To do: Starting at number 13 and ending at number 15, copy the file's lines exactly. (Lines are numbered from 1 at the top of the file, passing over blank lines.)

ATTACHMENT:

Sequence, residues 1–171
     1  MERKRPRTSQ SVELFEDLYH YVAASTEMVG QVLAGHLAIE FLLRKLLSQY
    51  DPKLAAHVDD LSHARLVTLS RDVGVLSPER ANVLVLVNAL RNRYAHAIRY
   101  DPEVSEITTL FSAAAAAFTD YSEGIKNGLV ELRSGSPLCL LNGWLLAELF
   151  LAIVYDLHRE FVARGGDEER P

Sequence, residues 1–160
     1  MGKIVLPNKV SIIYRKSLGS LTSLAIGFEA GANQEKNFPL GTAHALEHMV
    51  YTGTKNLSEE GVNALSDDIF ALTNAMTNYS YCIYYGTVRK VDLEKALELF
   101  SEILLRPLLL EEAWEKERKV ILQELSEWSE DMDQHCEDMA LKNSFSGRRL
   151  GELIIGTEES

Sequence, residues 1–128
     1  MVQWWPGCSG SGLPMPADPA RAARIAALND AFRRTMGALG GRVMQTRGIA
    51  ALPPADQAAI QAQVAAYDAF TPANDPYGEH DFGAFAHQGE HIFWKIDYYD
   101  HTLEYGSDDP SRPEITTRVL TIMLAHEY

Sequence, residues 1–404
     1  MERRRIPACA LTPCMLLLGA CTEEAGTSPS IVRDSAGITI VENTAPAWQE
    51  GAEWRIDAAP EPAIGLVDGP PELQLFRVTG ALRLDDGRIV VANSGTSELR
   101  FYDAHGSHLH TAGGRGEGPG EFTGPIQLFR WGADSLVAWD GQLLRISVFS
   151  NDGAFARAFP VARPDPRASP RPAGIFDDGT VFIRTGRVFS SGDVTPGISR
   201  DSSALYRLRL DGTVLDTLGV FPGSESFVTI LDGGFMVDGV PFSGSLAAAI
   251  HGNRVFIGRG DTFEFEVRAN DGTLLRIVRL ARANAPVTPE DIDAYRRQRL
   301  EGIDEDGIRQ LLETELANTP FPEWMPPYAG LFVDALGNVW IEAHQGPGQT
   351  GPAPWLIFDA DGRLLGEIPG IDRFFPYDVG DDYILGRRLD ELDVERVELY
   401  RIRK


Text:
    51  ALPPADQAAI QAQVAAYDAF TPANDPYGEH DFGAFAHQGE HIFWKIDYYD
   101  HTLEYGSDDP SRPEITTRVL TIMLAHEY

Sequence, residues 1–404